How Cognitive Behavioral Therapy Can Help with PTSD
For anyone suffering from PTSD, it’s not uncommon to feel alone in your experience, but cognitive behavioral therapy (CBT) is a safe, evidence-based treatment that has been proven to help with trauma healing. If you or someone you care about is struggling with post-traumatic stress disorder, keep reading to learn more about how CBT can make a difference.
An Overview of PTSD
Before we explore cognitive behavioral therapy in more depth, let’s first review some common signs of PTSD and what we mean when we say that someone has post-traumatic stress disorder.
Violence, loss, or extreme distress can all cause PTSD, which is recognized by a range of behavioral, mental, and bodily reactions that relate to the trauma in some way.
The most easily conjured image is of a soldier coming home from war. But, of course, the effects of trauma aren’t limited to veterans. PTSD is a long-term mental health condition that can develop as a result of exposure to a variety of traumas. Although, it’s important to note that just because someone experiences a traumatic event doesn’t mean they will automatically develop post-traumatic stress disorder. Certain factors, such as prolonged exposure or physical injury, increase a person’s risk.
Symptoms of PTSD
Part of the reason that PTSD can be so disruptive to an individual’s life is because it can actually feel as though they’re re-experiencing their trauma in real time. Understandably, individuals with post-traumatic stress disorder often avoid things or situations that remind them of their past experience. For example, the sound of a car backfiring or fireworks on the 4th of July may remind a veteran of gunfire.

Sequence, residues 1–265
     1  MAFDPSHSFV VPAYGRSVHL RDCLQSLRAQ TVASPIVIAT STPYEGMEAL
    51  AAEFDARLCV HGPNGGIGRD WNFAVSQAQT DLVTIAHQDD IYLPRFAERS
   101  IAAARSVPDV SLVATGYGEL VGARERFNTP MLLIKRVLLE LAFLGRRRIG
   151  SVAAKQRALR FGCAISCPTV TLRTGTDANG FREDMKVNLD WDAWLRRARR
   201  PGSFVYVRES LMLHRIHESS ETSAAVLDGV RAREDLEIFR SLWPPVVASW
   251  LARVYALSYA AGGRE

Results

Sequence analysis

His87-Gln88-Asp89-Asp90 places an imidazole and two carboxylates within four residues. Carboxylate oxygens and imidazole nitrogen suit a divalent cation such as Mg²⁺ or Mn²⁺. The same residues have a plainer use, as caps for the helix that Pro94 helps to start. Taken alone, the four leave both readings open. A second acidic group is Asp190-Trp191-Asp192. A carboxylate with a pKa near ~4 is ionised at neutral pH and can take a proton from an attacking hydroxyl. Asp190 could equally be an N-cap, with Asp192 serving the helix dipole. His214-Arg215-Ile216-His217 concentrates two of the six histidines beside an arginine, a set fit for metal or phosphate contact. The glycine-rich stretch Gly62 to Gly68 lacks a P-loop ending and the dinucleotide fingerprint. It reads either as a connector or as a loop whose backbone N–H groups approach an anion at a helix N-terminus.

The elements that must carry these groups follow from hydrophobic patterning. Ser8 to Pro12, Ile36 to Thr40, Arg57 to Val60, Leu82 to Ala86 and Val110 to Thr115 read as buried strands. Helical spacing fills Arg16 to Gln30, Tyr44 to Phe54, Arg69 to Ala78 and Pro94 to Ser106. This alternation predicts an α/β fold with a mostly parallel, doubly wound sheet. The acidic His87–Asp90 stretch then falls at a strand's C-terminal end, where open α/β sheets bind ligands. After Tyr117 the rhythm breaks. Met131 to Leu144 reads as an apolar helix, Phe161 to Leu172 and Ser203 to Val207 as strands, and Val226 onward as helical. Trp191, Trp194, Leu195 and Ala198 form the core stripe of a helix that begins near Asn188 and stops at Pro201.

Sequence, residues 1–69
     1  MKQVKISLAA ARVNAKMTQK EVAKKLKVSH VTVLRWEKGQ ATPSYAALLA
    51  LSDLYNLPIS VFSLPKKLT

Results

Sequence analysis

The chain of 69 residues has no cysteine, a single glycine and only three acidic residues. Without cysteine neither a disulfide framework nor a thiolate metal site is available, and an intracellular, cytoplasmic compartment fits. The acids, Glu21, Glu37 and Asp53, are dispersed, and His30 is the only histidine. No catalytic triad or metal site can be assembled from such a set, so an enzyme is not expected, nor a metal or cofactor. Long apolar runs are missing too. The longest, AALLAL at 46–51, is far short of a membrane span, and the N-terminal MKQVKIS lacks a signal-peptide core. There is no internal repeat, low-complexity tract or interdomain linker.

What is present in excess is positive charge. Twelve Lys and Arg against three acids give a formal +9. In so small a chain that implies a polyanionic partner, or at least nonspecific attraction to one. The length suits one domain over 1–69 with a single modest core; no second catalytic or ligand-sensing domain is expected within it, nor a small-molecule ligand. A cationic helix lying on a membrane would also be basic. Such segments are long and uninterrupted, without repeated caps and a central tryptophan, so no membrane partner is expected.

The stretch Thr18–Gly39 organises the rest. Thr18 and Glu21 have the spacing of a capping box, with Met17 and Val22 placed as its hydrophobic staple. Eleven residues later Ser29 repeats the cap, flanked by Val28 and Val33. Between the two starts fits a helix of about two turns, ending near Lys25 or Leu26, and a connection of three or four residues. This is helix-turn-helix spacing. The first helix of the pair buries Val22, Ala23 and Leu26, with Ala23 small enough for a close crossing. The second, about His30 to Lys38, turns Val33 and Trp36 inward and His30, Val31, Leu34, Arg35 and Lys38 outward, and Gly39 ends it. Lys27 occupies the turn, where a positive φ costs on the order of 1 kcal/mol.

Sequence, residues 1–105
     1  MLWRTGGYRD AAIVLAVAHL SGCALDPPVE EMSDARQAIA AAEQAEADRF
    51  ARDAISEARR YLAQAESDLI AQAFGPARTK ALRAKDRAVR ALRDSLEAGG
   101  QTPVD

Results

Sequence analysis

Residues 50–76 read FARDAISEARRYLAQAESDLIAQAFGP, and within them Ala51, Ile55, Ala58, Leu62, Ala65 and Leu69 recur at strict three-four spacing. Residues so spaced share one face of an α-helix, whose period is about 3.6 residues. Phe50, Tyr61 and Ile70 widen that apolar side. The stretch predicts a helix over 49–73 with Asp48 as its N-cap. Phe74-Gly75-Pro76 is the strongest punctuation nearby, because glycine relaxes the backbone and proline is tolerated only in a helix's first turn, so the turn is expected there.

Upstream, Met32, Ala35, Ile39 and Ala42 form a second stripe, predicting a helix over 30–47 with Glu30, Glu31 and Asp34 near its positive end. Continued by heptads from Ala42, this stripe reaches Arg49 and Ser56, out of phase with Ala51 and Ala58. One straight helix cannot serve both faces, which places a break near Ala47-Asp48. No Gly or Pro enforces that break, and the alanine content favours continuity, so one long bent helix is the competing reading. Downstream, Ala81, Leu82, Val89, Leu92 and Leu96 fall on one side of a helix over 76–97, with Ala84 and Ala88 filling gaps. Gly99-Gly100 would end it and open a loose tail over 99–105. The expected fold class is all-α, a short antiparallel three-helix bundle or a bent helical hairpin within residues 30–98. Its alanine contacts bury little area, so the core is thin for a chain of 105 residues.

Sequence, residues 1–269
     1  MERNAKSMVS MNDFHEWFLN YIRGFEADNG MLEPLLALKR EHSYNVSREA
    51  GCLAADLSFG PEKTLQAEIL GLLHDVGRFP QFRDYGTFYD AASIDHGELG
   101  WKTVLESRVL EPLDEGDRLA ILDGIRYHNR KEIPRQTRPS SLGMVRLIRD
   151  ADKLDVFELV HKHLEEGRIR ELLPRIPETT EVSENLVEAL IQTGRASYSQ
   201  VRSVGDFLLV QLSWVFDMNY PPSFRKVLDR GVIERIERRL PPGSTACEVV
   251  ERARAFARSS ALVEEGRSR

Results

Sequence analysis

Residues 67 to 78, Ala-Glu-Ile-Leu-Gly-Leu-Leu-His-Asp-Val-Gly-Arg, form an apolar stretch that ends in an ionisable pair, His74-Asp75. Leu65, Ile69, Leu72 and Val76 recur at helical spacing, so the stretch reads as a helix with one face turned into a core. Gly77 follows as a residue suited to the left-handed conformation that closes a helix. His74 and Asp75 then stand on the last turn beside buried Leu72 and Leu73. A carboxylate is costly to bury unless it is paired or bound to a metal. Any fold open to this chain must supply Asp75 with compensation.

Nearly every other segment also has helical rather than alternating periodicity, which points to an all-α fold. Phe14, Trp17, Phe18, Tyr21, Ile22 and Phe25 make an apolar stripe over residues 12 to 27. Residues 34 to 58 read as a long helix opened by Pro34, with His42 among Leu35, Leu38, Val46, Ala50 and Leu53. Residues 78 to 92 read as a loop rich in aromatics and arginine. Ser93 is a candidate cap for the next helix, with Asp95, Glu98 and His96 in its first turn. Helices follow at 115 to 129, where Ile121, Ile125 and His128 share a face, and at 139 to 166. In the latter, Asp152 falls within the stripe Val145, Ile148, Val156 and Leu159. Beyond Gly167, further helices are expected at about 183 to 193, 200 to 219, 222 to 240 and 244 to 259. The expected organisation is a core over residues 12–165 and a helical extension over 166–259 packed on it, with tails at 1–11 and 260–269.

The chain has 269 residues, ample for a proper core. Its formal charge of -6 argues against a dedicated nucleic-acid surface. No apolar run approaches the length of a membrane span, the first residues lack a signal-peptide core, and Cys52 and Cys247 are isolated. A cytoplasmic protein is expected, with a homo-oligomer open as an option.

Fortunately, treatments like cognitive behavioral therapy are now available to support this type of trauma healing. But there was a time when we didn’t know anything about how trauma can alter the neural pathways in the brain. In effect, we can be physically reformed by an experience.
Common symptoms of post traumatic stress disorder often include:
- Insomnia or nightmares
- Anxiety and panic attacks
- Severe depression
- Irritability and outbursts
- Anger management issues
- Avoidance behaviors
- Loneliness and isolation
- Self-destructive thoughts or behaviors
Additionally, people who are diagnosed with PTSD are also more likely to struggle with an addiction—most often in an attempt to self-medicate and dull their symptoms. For example, a trauma survivor might use excessive alcohol intake as a coping mechanism, albeit an unhealthy one.
Cognitive Behavioral Therapy & PTSD
Cognitive behavioral therapy is often used as a well-respected tool in trauma healing, making it an appropriate therapy for the treatment of post-traumatic stress disorder.
CBT can help to shift a person’s dysfunctional patterns of behavior, thoughts, and emotions. The overarching idea of CBT is that if one of these areas is improved, there will also be beneficial changes to the whole person. For instance, if our thought process is changed for the better, it impacts both our emotions and our behaviors. A healthy mindset generally leads to better life choices, and so on.